HANDY falls of rain throughout southern NSW and the Riverina have come as bittersweet news for the organisers of crop trials at Henty Machinery Field Days (HMFD).
Around 40mm of rain has fallen in parts of the eastern Riverina and it has been welcomed.
However, the news this week that HMFD 2020 won't run in the usual format due to the COVID-19 pandemic came as a blow to the farming community.
Baker Seeds sales and business development manager, Aaron Giason of Rutherglen has been involved with the crop trials at Henty for five years.
He was disappointed the event, which draws crowds of 60,000 people, wasn't running in 2020 but commended organisers on their decision and the fact exhibitors were told well in advance.
Mr Giason said obviously a lot of events were affected due to coronavirus restrictions.
In terms of fitting in with a farming cycle and also preparing for what comes as inevitable news he explained that a cover crop was planted at the Henty site this year.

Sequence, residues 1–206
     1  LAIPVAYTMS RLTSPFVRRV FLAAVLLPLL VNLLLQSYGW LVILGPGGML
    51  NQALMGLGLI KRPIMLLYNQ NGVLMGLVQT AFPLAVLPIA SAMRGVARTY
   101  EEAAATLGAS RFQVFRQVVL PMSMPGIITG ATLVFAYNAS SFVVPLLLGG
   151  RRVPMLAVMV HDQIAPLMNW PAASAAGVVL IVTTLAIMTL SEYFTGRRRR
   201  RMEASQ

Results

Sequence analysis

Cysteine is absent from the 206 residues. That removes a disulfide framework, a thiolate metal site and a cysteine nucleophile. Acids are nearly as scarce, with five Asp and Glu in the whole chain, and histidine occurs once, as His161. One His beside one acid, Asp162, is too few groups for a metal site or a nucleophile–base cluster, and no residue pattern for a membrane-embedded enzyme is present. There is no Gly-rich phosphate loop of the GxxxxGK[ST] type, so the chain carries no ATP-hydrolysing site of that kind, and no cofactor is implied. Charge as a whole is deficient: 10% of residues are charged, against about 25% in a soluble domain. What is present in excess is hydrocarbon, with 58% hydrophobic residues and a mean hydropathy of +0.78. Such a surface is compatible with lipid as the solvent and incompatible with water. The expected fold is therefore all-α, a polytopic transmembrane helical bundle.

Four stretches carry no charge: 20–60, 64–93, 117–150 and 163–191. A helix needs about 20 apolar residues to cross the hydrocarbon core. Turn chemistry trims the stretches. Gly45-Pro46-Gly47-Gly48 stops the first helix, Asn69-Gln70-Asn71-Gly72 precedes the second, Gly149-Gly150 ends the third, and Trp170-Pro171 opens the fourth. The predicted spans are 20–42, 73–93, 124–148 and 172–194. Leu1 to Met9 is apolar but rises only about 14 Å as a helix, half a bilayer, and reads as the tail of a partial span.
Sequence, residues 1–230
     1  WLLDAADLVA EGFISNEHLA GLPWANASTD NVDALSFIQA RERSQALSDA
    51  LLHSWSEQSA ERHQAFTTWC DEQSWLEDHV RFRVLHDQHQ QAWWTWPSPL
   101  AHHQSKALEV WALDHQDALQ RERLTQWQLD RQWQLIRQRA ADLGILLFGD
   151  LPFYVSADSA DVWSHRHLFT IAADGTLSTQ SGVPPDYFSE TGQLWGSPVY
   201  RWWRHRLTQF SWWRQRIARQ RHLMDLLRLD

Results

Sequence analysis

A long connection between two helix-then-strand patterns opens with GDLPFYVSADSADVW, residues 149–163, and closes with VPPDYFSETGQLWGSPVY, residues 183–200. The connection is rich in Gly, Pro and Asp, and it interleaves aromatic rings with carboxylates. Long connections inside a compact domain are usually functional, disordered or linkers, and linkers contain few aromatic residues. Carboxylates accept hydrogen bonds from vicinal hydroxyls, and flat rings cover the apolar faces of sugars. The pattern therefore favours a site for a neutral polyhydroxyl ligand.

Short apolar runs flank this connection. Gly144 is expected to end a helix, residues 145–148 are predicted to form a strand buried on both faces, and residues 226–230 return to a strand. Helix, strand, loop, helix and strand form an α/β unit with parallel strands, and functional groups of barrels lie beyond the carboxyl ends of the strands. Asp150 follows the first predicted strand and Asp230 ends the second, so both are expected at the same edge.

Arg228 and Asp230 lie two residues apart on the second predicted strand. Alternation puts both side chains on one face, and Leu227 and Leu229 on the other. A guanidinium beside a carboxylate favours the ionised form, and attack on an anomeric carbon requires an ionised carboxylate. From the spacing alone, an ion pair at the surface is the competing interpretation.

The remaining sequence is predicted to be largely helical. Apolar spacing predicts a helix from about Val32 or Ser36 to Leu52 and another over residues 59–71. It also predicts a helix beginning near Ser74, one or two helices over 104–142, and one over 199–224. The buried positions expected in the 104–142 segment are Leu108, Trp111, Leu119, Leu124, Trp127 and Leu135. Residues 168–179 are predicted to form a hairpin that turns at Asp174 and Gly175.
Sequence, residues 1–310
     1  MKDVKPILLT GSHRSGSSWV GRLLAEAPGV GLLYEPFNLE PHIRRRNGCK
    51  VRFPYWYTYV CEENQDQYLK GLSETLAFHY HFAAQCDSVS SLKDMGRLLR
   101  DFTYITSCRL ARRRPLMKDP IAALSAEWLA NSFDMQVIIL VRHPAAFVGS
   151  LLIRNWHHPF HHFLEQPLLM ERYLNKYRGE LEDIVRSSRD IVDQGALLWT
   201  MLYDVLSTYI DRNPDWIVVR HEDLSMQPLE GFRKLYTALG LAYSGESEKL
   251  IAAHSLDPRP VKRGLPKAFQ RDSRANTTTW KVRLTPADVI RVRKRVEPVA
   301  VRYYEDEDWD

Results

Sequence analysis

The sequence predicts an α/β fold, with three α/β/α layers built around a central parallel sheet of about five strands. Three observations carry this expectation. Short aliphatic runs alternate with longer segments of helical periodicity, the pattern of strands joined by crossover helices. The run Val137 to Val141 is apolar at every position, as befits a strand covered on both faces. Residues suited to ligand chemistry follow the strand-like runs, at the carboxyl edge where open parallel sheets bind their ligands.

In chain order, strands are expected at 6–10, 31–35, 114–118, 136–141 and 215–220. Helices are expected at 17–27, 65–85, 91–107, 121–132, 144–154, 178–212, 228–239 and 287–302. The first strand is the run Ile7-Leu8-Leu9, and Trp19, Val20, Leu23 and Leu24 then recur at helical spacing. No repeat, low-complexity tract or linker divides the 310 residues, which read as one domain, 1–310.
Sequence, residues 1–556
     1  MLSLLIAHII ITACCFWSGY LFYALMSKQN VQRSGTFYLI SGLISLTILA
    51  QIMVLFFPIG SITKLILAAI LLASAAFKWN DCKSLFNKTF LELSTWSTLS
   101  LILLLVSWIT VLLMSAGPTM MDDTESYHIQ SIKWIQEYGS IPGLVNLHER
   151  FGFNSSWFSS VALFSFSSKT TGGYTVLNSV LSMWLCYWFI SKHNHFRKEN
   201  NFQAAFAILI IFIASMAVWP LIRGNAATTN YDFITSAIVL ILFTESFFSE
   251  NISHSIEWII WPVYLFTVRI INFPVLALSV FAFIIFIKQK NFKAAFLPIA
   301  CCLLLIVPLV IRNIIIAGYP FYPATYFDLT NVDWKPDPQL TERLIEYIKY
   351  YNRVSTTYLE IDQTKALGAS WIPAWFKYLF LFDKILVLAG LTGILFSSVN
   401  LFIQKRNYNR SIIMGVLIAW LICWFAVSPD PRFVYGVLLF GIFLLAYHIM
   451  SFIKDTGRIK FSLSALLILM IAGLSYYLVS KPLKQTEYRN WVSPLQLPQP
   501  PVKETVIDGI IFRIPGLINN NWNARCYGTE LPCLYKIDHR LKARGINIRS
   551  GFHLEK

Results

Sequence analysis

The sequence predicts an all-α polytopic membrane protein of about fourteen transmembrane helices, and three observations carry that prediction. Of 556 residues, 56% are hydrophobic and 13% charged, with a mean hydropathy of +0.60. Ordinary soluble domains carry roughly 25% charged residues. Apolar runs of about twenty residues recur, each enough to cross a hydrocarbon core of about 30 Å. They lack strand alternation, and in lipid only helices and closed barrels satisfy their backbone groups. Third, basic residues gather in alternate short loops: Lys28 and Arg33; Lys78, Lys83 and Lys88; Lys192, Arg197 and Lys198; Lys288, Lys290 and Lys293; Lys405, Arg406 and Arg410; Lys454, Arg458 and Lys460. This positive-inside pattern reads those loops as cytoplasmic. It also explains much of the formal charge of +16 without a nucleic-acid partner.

Usually the site is brimming with variety displays and it allows patrons to see what is on offer to suit this region and beyond.
"We made a decision (a couple of months ago) to plant a cover crop rather than the trials," Mr Giason said.
He explained that a cover crop this year was ideal to fit in with crop rotations, but it was also a bit of forward planning due to the uncertainty of coronavirus.
"The Henty site is a long term thing for us and we want to make sure the rotation is right going forward," he said.
The cover crop contains a mix of clover, radish, peas and lupins.
Mr Giason said the season was shaping up well throughout the Riverina and in parts of Victoria.
"The cover crop would have been something (good) to see in spring," he said.
In terms of whether or not small groups might get into the site to inspect crops it was difficult to say at this stage.
"It's just a matter of seeing if COVID-19 (pandemic) restrictions are lifted," he said.
"We might get to a point where small groups are able to gather," he said.
HMFD chief executive officer Belinda Anderson said the event had an economic value more than $92 million and the 2020 decision wasn't taken lightly.
"The field days have been cancelled twice in their history due to economic recession in 1970 and 1971, and regrettably the HMFD board was forced to make the call this year," she said.